The “creative class” is a concept developed by Richard Florida that proposes a new way of understanding the engines driving wealth creation. Florida charts a shift in North America away from manufacturing economies focused on mass production to “post-industrial” economies where the new drivers of economic development are creative professionals, specifically a “super-creative core” (including artists and designers) and “creative professionals” (including managers and lawyers).
According to Florida, the creative class chooses to locate themselves in cities with cultural amenities and favourable environments including diverse populations. It follows that urban policy should invest in attracting creative professionals, with the assumption that creative industries and broader economic growth will follow. Communities that have embraced Florida’s approach have seen public resources channelled toward cultural consumption and a reduced emphasis on economic redistribution or the development of local wealth. For example, resources may be spent on art galleries and museums designed by world-famous architects while public housing and other basic services experience tightened budgets.
Florida’s critics respond that creative economies still rely on inputs from manufacturing industries in the Global South premised on low-wage, precarious work. Furthermore, creative class policies are often accompanied by rising inequality, as a wide range of low-paid and precarious service work is needed to meet creative professionals’ consumption practices. Others point to the process of gentrification that tends to accompany creative-class policies, whereby public funding is funnelled into producing safe and welcoming spaces for a more affluent class.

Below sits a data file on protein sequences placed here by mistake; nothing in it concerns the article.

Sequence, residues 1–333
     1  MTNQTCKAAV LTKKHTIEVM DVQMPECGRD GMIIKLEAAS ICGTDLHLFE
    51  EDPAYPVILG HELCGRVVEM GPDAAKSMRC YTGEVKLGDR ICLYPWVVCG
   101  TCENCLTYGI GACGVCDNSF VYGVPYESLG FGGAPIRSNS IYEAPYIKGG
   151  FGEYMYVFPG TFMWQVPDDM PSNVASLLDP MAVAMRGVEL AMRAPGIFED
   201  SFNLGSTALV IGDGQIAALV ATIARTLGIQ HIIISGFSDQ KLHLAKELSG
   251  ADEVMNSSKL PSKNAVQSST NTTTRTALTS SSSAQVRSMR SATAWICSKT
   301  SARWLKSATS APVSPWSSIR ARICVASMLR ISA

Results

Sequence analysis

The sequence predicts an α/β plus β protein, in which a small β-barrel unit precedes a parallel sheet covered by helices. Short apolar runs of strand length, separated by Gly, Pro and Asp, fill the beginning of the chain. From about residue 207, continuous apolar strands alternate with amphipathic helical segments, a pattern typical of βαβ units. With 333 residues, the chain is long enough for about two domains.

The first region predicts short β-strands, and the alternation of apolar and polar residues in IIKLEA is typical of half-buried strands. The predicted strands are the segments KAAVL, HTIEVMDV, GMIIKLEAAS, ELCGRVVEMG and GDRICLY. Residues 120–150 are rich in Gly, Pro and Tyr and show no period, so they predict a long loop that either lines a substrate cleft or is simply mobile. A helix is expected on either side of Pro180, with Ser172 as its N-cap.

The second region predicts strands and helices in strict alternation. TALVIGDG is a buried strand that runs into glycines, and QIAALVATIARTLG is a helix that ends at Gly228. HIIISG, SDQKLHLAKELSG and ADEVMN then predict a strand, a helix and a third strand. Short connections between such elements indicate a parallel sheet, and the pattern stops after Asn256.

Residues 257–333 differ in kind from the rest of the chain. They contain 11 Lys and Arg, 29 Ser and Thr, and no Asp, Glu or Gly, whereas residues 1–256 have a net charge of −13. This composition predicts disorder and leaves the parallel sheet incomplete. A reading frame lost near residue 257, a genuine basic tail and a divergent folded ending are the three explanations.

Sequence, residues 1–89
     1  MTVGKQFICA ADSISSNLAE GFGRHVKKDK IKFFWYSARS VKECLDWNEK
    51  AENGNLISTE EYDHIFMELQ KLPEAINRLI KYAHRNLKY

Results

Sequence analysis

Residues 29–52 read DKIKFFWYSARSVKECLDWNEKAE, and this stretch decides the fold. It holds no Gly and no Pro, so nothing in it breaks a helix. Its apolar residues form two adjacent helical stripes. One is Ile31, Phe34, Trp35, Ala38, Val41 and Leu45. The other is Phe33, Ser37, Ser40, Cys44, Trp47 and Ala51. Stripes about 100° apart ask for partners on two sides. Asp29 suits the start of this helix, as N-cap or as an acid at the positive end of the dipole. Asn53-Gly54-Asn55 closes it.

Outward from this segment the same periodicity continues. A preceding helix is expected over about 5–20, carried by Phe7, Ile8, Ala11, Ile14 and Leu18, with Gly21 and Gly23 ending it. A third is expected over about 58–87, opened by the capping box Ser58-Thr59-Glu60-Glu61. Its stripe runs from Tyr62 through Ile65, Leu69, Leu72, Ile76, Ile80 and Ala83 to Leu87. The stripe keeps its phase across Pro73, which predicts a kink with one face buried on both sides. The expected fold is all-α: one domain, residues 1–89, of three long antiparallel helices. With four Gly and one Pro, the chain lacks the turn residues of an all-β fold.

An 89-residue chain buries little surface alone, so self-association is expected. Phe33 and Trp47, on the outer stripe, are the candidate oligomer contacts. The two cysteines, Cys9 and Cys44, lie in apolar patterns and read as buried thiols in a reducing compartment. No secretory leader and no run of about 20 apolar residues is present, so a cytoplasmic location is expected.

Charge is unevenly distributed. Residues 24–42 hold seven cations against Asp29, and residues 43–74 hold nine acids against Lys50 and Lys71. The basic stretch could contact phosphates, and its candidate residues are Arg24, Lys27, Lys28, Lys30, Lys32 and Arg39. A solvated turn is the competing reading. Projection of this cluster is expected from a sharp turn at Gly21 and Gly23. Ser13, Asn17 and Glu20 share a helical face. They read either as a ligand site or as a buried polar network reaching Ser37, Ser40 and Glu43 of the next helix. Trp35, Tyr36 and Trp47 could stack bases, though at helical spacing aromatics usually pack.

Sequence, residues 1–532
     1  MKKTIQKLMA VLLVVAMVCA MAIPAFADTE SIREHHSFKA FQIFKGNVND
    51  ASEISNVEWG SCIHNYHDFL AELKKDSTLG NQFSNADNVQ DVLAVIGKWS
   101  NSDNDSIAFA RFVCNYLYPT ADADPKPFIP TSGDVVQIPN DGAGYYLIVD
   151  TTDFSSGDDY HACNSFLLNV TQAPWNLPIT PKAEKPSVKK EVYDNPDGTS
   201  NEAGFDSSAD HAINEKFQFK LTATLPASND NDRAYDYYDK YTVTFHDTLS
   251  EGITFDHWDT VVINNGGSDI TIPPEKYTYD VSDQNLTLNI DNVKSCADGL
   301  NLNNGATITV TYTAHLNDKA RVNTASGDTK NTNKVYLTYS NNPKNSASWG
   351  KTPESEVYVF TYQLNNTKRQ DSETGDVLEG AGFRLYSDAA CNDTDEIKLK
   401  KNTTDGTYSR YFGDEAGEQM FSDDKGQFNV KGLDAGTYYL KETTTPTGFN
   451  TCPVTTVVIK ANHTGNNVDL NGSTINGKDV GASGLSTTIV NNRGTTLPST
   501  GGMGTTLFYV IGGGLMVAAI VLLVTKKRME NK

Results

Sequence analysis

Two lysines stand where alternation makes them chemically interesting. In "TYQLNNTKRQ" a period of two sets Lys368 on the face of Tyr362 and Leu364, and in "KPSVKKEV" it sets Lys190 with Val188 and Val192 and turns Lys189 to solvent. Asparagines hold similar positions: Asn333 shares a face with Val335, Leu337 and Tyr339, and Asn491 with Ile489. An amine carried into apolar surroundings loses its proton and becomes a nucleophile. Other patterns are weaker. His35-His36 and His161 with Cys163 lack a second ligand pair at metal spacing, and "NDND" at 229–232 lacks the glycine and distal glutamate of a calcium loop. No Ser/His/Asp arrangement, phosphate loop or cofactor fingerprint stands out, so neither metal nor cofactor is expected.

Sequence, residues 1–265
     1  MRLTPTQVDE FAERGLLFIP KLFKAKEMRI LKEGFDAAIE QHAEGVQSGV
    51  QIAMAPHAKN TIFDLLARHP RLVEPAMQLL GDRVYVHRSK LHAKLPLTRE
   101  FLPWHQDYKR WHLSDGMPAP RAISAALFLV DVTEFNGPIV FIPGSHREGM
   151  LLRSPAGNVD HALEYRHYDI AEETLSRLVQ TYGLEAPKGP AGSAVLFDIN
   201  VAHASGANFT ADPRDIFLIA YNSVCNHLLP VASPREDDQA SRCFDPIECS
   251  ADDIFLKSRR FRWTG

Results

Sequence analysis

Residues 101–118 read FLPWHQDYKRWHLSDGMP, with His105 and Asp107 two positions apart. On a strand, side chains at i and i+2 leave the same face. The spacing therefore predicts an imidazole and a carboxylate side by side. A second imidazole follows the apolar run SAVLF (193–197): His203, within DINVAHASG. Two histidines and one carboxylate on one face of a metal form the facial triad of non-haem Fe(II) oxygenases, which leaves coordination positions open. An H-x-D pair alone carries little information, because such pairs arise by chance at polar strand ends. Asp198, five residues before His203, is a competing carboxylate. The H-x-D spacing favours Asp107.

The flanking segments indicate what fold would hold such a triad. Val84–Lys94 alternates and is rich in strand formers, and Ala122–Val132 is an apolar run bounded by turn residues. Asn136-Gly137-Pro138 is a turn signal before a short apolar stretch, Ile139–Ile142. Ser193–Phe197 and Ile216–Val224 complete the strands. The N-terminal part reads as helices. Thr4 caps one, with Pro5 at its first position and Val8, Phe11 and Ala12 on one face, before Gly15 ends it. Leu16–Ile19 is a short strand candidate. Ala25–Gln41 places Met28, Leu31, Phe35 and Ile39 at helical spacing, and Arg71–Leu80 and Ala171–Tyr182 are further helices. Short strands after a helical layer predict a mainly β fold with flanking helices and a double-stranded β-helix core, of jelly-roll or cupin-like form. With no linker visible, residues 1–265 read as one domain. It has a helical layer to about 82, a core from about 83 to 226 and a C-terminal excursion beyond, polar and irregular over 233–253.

According to the Toronto-based activist group Creative Class Struggle’s mission statement:
“‘Creative class’ policies are designed to build money-making cities rather than secure livelihoods for real people. These policies celebrate a society based on inequality, in which a select group of glorified professionals is supported by an invisible army of low-wage service workers. Seduced by the promise of prosperity and growth, governments around the world are reorienting their economies along these ‘creative’ class lines without consulting immigrants, women, people of colour, low-wage workers, and others directly affected by their decisions. Divisive ‘creative class’ policies, implemented in the midst of the worst financial crisis since the Great Depression, serve only to increase the vulnerability of the vulnerable and further empower the powerful.”
For more information, see creativeclassstruggle.wordpress.com.
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